The quasar survey, done with both PFUEI and 4-Shooter, found nearly 100 quasars, and established their rise and fall in the universe’s history. And then the cluster survey found clusters of galaxies close to the beginning of the universe — uncomfortably so, because cosmologists couldn’t account for how such large structures formed so early. But the surveys were completed by your colleagues, not by you, because your pattern was, you’d build one thing —  

— be using it for a while, be thinking about the next thing. The seeds for Sloan were already in place before [Hubble] Space Telescope was launched. Morley Blouke, a scientist at Texas Instruments, showed up with this thing in his briefcase — the largest CCD that had ever been built. And I really got the bug for Sloan then, because I knew that this thing was going to just turn everything over.

You designed and built a wide-field CCD camera for the Sloan, plus a spectroscope that could take 640 spectra at a time. The Sloan eventually got images and spectra on 3 million objects — clusters, quasars, galaxies, stars, asteroids. Was that time well spent?

People ask what Sloan discovered. We didn’t discover any new classes of objects. We didn’t discover a single thing that was very surprising. What we did was really nail lots of things with superb data, superb statistics, so that one could understand much better what the universe is like today.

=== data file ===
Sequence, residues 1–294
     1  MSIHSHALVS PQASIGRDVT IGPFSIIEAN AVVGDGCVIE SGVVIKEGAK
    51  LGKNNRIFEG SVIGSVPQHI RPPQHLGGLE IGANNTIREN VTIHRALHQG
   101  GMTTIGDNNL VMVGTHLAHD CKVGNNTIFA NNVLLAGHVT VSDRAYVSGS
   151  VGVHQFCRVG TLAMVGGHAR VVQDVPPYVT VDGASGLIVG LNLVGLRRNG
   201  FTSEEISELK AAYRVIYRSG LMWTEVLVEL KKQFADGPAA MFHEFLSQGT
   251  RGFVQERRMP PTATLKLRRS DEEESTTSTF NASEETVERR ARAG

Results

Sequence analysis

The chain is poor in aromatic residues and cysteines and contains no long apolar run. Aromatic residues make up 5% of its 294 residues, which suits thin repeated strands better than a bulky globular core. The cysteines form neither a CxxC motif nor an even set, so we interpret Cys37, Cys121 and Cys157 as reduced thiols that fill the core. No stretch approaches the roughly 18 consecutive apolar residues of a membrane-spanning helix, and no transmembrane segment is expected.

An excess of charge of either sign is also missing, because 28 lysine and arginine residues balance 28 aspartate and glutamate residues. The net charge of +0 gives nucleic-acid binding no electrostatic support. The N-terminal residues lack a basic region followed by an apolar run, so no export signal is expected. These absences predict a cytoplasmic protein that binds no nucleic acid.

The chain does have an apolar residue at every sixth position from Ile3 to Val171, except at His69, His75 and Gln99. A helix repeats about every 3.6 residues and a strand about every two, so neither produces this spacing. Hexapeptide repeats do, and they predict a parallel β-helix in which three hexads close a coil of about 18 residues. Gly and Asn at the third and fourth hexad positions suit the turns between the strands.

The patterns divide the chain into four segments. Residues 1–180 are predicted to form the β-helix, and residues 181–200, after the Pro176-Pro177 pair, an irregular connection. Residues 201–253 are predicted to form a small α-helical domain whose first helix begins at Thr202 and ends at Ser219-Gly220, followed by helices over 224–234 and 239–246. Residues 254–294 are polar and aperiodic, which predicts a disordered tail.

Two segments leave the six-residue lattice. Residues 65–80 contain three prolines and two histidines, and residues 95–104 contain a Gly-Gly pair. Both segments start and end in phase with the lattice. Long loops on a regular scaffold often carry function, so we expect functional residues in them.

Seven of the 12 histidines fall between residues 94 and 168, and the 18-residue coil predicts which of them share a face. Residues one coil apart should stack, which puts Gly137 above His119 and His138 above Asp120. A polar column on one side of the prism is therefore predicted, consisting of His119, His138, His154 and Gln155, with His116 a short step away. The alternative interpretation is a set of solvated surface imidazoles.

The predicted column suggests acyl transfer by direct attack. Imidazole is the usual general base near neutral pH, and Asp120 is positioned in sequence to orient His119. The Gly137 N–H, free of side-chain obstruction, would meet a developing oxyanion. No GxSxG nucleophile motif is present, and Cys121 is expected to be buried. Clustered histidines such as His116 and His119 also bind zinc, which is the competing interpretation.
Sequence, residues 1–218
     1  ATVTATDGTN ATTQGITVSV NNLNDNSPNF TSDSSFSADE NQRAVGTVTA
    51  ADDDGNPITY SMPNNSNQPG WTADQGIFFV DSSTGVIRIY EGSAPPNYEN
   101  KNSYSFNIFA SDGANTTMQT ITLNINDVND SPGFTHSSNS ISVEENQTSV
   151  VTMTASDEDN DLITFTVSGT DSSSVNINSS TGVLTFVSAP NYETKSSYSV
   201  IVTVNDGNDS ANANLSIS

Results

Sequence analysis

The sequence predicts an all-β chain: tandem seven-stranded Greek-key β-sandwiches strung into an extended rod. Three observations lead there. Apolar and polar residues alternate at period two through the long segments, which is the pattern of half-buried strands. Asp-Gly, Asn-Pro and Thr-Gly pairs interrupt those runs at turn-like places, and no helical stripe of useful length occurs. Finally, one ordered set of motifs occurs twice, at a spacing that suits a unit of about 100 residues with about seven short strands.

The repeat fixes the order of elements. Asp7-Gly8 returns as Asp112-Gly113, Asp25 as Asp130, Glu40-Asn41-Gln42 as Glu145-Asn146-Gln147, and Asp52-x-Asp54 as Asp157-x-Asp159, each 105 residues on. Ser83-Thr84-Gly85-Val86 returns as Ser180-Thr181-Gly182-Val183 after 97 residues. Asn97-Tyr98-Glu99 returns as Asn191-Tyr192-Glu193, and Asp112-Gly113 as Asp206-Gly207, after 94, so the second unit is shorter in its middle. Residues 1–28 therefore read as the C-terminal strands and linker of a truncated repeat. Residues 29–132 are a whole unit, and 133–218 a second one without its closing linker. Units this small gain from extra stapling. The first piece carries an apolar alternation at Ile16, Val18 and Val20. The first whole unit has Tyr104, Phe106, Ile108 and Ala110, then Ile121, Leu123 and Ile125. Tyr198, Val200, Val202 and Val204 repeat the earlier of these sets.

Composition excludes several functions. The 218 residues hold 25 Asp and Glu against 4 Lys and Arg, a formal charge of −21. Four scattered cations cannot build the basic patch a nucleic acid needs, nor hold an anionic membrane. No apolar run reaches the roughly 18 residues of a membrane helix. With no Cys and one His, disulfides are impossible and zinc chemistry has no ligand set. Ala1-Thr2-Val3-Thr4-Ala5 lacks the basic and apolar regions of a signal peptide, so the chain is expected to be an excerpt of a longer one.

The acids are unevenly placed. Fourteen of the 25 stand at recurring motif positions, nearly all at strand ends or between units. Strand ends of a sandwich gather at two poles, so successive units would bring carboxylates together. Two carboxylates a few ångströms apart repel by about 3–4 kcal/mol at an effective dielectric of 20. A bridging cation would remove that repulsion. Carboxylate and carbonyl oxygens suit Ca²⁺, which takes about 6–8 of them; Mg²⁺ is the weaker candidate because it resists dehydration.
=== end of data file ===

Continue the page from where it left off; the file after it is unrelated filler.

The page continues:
The lauded astronomer Jim Gunn explains how a new spectrograph he is building will advance astronomy.

Video: The lauded astronomer Jim Gunn explains how a new spectrograph he is building will advance astronomy.

Mengwen Cao for Quanta Magazine

You’re now building the Prime Focus Spectrograph for a survey by the Subaru Telescope. Why did you decide to work on PFS?

Because it was the next step after Sloan, I think. The PFS is on a very big telescope so it can go deeper [into the sky] than other surveys. We’ll see the history of most of the stars in the universe. There is also no telescope in the world with a field as big as Subaru. I mean, Sloan did what it did very, very well, but you really want to open the history book a little wider, to look at how things got to be the way they are.

Subaru already has a survey camera, right — the Hyper Suprime-Cam, on which you advised? Why does it need a spectrograph?